This edition of the Storytellers Channel’s newsletter we are celebrating the 3rd Annual Hearts Afire Storytelling Festival.
If you can’t join us this weekend here in Richmond; we hope you’ll make an effort to hear these storytelling stars if they cross your path.
In fact, they’re worth going out of your way.
Remember: You Matter. Your Stories Matter. Tell Them Well!
The Storytellers Channel
Dolores Hydock is an actress and story performer, whose work has been featured at a variety of concerts, festivals, and special events throughout the U.S. She has been a featured storyteller at the National Storytelling Festival in Jonesborough, Tennessee, has been Teller-in-Residence at Jonesborough’s International Storytelling Center, and her eleven CDs of original stories have all received Resource Awards from Storytelling World Magazine.
Dolores is originally from Reading, Pennsylvania, home of the Reading Railroad and Luden’s Cough Drops. Her hometown is where she won her first blue ribbon in storytelling in a local contest at the age of 5. The real gold letters on the blue ribbon convinced her there was obviously a fortune to be made in the performing arts. She continues to hope.
As an actress, she has been featured in the one-woman plays Tony Curtis Speaks Italian and All I can Say is ‘I Love You,’ Take a Ride on the Reading, In Her Own Fashion, Shirley Valentine, The Search for Signs of Intelligent Life in the Universe, Becoming Dr. Ruth, Fully Committed, The Lady With All the Answers, and Nothing Sacred: An Evening of Stories by Ferrol Sams. Her early theatrical career included portraying the Statue of Liberty in a Fourth of July pageant. The role required her to stand on a float in the middle of a pond, wearing a 20-pound electrified crown on her head. She somehow managed to survive that role without drowning or electrocuting herself, but has avoided historical dramas ever since.
Dolores lives in Birmingham, Alabama. In her spare time, she tends a garden that includes a pomegranate bush, muscadine vines, blueberry bushes, a 20-foot jujuba tree, and a family of slugs the size of cheap cigars. She’s held a wide variety of jobs: She’s been a house parent at a halfway house for juvenile delinquents, a blues DJ, an au pair in Paris for three small children, a computer sales representative for IBM, a cookbook copy editor, an acting teacher at Birmingham-Southern College, and a teacher of Cajun dancing. If anyone questions her strange path through such a variety of jobs, she simply says that it’s all just material for her stories.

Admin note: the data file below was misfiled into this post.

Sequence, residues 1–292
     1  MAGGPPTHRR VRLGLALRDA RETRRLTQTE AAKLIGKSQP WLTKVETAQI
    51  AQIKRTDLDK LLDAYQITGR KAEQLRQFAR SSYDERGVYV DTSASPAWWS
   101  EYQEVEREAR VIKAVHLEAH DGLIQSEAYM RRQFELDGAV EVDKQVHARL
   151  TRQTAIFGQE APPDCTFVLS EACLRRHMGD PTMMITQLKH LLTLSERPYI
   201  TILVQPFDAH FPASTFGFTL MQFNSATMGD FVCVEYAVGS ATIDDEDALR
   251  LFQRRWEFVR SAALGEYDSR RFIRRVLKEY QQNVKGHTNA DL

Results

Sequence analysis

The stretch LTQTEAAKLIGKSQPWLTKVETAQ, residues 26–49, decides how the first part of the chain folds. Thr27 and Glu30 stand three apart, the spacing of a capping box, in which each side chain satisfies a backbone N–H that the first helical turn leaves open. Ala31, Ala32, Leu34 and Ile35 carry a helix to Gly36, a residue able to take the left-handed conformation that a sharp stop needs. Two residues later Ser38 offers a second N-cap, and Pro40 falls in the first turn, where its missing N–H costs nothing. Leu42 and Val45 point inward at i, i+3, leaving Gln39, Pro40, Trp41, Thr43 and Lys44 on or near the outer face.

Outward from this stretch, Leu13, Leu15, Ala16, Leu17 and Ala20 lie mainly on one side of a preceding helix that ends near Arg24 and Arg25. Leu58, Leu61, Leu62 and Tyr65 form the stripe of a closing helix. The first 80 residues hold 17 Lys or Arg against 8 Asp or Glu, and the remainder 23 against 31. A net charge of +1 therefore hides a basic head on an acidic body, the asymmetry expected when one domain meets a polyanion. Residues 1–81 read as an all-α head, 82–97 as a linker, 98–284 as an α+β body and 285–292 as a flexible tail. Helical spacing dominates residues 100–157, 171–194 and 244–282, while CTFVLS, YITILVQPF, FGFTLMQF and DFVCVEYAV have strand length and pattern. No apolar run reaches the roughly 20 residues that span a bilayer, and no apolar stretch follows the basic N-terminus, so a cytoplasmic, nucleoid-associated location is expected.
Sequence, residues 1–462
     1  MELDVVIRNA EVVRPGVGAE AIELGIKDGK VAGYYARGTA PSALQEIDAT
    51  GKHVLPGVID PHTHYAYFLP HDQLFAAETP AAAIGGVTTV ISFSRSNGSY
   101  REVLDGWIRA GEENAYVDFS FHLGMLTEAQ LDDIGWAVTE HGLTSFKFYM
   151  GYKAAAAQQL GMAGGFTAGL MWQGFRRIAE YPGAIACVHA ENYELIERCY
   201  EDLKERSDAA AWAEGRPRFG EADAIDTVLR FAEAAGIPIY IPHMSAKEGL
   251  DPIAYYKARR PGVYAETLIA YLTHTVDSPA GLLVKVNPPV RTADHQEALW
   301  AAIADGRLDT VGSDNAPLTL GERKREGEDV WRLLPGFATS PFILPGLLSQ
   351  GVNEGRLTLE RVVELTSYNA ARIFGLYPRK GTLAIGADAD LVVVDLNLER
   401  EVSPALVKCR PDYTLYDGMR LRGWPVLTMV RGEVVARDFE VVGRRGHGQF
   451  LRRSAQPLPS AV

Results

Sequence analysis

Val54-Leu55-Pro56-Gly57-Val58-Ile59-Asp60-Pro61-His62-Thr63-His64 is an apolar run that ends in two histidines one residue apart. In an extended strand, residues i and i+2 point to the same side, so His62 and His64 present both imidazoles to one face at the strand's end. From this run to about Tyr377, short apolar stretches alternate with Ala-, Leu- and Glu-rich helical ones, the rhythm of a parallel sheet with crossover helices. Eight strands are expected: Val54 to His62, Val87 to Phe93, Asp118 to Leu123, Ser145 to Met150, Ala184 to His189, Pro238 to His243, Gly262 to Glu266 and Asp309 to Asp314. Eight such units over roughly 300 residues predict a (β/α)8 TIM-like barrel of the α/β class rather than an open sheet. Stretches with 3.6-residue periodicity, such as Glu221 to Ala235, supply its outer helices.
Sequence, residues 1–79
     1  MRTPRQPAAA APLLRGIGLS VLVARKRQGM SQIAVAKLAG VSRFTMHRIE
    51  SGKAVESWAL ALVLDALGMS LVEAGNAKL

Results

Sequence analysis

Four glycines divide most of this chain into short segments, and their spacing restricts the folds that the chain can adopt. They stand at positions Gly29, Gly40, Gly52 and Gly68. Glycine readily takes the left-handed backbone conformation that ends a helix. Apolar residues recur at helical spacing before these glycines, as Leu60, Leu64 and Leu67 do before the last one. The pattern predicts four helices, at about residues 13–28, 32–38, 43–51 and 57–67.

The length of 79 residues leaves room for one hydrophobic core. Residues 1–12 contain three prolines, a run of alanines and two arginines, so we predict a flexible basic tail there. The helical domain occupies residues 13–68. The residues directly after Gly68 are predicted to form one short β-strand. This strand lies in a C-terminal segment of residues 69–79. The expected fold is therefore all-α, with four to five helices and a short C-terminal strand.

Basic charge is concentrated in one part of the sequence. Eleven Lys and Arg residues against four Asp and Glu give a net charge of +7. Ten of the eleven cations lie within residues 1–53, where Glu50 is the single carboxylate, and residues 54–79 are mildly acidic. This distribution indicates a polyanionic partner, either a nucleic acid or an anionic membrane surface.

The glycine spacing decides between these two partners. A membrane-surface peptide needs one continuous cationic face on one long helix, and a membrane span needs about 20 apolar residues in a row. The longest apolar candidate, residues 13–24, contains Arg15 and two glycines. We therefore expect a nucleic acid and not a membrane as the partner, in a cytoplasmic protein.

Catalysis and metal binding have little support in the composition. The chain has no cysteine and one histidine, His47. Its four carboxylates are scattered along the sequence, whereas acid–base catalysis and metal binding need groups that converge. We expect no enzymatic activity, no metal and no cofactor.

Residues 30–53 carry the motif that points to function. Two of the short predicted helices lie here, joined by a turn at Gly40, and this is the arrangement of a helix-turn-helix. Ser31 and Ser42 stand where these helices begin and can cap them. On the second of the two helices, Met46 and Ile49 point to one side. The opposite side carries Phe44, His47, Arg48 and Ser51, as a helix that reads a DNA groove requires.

Ilene Evans performs, teaches, and lectures throughout the United States and overseas. She recently toured the Middle East and Columbia for the United States Embassy to share African American Culture. Her work is educational, entertaining, and enjoyable for all ages.
After receiving her B.A. from Trinity College in Deerfield, Illinois, Ms. Evans studied theater and dance at the University of Wisconsin. Ms. Evans became a member of the dance collaborative, “Momenta!” as dancer and choreographer at the Academy of Movement and Music in Oak Park, IL. There she also taught ballet, jazz and modern dance. Later, she joined the staff of Whirlwind Performance Company as a teaching artist and performer. At Whirlwind, she taught dance, choreography, storytelling, vocal technique, and African-American cultural arts. Ms. Evans completed her Masters Degree at East Tennessee State University in the Department of Education with an emphasis in Storytelling.
Ms. Evans has a passion for history and in 1991 she created General Moses: Stories from the Life of Harriet Tubman to feature the story of Harriet Tubman and her role in the Underground Railroad. Most recently she has developed Behind Enemy Lines: Harriet Tubman in the Civil War – The Port Royal Experiment. Ms. Evans received the Tidmarsh Foundation for the Arts grant for touring General Moses. She has performed her piece in conjunction with a companion workshop she developed about the Underground Railroad. Among Ms. Evans’ other original performances are Harvest of Dreams, and They Call Me Ms. Memphis. These pieces reveal the rich African American culture through stories, songs, and poems. Ms Evans performed Harvest of Dreams at the Fringe Festival in Edinburg, Scotland, at the Women’s Universities in Saudi Arabia and at Al-Babtain Library in Kuwait.